Here’s where we share all the cool projects we’ve come across. Ones that inspire, surprise and touch the heart. In all these ways we see how artists open new avenues for change. Click on the categories below to browse our directory of projects. Enjoy!

5 Recent Things

Within Invisibility

Artist Jiayu Liu uses wind data from 40 Chinese cities to power a poetic installation that seeks to test the boundaries of data representation at the same time connecting us to a powerful force of nature. An innovative use of city data, we’re excited by what the work of this RCA graduate might bring to the realisation of more sensitive and sustainable urban environments.


Could it take a a synthetic representation of nature to jolt us back into re-appreciating its beauty and our reliance upon it? That’s one the questions Pierre Proske is seeking to explore with his Brickets. So named for their chirping sounds and brickish size, the Brickets reinterpret data from local environmental sources such as the nearest home’s water usage, into animal like calls, which rise and ebb in response to one another, much like a synthesised colony of frogs, cicadas or crickets.

KiloWatt Hours

KiloWatt Hours, by Sydney based artist Tega Brain, uses lasers to inscribe in space the fluctuations of energy used by the surrounding building over time.  KiloWatt Hours thus converts energy meter data into the readable form of an ‘energy clock.’, and the audience is prompted to consider the invisible consumption of energy in everyday life. Over time the laser light fades, and KiloWatt Hours forgets itself, in the same way we let our own energy use slip from memory.

Measuring Cup

A simple representation of Sydney’s climate data, Mitchell Whitelaw’s Measuring Cup makes it possible to hold the past 150 years of temperature information in the palm of your hand. Generated and printed using 3D technology, Measuring Cup uses temperature averages, like the rings of a tree, only stacked vertically. The result is delicate and beautiful, like the climate it represents, and it raises the question ‘what shape will it take in 10, 20 or 50 years?’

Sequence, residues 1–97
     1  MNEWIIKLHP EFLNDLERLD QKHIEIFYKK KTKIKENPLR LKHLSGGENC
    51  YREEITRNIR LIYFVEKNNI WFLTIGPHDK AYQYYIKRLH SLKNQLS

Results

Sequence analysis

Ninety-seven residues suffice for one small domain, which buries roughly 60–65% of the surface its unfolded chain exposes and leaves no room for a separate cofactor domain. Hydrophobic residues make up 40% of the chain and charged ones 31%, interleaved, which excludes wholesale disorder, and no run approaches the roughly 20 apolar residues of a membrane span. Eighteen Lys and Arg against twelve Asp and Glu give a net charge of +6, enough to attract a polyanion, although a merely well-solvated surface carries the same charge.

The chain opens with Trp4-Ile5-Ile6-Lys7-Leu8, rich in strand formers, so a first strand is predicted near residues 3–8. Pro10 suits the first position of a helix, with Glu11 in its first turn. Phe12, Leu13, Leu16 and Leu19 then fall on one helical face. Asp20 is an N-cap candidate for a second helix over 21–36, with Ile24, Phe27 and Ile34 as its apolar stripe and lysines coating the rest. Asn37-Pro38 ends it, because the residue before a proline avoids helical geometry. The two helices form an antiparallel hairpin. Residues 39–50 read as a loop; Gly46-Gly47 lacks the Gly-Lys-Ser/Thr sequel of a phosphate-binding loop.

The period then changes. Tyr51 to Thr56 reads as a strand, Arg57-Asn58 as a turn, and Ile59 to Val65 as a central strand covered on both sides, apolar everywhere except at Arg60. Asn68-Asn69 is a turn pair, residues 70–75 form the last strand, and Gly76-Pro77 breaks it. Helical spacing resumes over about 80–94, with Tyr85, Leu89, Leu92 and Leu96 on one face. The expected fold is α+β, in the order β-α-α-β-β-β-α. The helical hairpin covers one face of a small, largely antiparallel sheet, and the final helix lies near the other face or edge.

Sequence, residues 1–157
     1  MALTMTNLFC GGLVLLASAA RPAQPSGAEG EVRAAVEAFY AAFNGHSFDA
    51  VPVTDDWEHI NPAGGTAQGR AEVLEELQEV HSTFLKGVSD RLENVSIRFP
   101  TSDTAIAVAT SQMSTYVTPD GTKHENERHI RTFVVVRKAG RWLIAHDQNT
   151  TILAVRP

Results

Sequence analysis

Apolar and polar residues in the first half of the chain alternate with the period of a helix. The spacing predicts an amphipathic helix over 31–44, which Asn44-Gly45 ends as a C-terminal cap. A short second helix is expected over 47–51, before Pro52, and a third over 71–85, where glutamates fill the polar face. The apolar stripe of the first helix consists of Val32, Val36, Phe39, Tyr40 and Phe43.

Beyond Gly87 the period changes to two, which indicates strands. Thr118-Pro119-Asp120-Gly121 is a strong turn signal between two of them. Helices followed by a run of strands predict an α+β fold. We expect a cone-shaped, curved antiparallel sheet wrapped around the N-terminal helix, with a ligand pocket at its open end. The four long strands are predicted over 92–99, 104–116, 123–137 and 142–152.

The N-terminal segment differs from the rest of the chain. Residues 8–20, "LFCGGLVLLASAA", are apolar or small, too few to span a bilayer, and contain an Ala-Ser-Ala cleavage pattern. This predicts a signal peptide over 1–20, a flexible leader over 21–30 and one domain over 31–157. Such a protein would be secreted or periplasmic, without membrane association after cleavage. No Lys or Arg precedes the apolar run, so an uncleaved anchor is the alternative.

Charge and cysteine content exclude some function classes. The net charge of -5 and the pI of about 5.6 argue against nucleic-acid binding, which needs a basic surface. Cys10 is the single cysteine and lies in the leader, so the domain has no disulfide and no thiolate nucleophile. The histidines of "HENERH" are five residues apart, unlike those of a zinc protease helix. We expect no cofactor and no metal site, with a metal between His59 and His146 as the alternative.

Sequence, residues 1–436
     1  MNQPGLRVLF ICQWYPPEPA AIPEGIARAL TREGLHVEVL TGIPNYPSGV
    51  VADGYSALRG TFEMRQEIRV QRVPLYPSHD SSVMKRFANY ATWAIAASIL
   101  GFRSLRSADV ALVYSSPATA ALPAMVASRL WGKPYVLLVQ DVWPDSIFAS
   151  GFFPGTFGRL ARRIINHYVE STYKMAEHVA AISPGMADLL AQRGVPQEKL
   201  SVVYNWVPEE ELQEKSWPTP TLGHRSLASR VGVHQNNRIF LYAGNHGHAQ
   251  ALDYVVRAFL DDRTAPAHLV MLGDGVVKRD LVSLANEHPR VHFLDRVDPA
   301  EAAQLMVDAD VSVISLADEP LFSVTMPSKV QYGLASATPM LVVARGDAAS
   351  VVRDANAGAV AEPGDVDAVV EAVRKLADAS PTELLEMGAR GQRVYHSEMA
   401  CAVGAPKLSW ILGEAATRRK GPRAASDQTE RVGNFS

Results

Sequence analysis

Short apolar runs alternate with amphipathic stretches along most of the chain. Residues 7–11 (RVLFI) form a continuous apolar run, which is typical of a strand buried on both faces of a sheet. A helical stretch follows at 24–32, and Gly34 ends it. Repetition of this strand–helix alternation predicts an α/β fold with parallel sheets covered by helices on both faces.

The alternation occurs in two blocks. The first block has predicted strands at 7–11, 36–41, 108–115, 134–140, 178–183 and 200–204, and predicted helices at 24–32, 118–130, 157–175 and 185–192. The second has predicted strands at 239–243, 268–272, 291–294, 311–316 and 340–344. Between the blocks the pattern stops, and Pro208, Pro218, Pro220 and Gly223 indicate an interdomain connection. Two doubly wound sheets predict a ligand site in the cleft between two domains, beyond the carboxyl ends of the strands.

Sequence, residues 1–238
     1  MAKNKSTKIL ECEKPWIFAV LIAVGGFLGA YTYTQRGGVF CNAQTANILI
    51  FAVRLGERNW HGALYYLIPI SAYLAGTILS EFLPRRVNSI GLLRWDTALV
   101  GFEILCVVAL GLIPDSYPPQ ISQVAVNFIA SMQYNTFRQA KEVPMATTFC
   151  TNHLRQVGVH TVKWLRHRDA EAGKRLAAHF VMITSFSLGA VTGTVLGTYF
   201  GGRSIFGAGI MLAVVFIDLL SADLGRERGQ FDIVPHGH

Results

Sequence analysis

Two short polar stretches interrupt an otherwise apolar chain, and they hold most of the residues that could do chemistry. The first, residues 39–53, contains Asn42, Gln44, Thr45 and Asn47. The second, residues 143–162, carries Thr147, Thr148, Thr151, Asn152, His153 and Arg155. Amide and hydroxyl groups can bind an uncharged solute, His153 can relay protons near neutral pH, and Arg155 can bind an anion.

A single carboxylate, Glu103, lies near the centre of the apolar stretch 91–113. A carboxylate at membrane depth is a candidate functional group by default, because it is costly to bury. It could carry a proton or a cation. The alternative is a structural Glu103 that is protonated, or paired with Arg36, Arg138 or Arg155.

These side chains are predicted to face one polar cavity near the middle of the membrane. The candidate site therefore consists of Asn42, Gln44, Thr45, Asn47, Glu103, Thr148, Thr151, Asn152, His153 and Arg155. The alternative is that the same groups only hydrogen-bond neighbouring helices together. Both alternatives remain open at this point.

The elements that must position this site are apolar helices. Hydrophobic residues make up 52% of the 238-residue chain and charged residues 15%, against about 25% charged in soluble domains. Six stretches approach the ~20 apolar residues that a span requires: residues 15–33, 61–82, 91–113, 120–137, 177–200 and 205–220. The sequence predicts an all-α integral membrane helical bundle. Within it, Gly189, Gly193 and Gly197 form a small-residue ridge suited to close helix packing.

Modelled on any other health clinic, Natalie Jeremijenko’s NYU xClinic prescribes treatments for your environmental aches and pains. Newsmotion is a prototype for a roaming bulletin board which can be retro-fitted to your bike wheels, and delivers data to those around you based on where you are. For instance, onlookers might be made aware of pedestrian and cyclist fatality statistics for the very corner they’re standing on, thereby bringing the data to life.

5 Random Things

Beat Your Mouse Movement

The Beat Your Mouse Movement is a project by Kitchen Budapest to encourage people to walk farther in a day than the distance travelled by their computer mouse. Believe it or not, after 8 hours in front of a PC, the small movements of a mouse add up! Through an application, called Mousey, that tabulates the distance travelled by the mouse, the user is challenged to enter in distanced walked through an i-Phone ap, or pedometer. Pachube’s online platform for data sharing makes all this data open source. A great message and means to get balance back into our lives, and combat unsustainable behaviour patterns.

The Canary Project

The Canary Project is Edward Morris and Susannah Sayler, two Americans who have successfully set out to meet the aims of this organisation to energise action on climate change through the production of visual art, design and events that increase understanding of climate change with the public. Since 2006, The Canary Project has generated and supported a diverse body of work, and remains one of only two US arts organisations solely dedicated to art about climate change.

UNEP Art for the Environment

The UNEP Art for the Environment initiative aims to generate environmental awareness using the universal language of art as a catalyst for individuals, communities and leaders to focus on environmental values. UNEP promotes the creation and installation of a growing number of exhibits around the world, in conjunction with major events such as World Environment Day (5 June) and the UNEP Champions of the Earth awards. A number of these exhibitions have been focussed on cimate change, including Tick-Tock, Tick-Tock (pictured) – an installation of artists Neil Bell & Ola Sivhed, consisting of a swinging pendulum of melting ice.


TrashTrack is the work of MIT’s Senseable Cities Lab, and part of a vision for creating behavioural change through pervasive technologies. By attaching sensors to individual items of rubbish and visualising its passage through the waste stream, the project raises awareness about waste disposal and the impacts of our smallest decisions, such as the purchase of a disposable coffee cup.

Rehearsing Catastrophe

Rehearsing Catastrophe: The Ark in Avoca was a temporary site-based art work by Lyndal Jones performed from the 1-3 December 2011. On the floodplain of the Avoca River in rural Australia an Ark materialises as a projection layered onto Watford House, home to The Avoca Project. Sounds and images of those animals already inside are heard and accompanied by thunder and lightning. As the boat takes shape against the night sky, people from Avoca and their guests line up at the gangplank for entry, disguised as animals. A poignant reminder of the fragility of species survival in light of climate changes and the spirit of a community to respond.